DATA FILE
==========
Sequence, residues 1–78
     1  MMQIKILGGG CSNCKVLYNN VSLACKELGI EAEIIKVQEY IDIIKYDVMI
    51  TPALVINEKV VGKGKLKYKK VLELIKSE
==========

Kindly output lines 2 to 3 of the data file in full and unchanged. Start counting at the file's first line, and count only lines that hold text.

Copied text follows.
     1  MMQIKILGGG CSNCKVLYNN VSLACKELGI EAEIIKVQEY IDIIKYDVMI
    51  TPALVINEKV VGKGKLKYKK VLELIKSE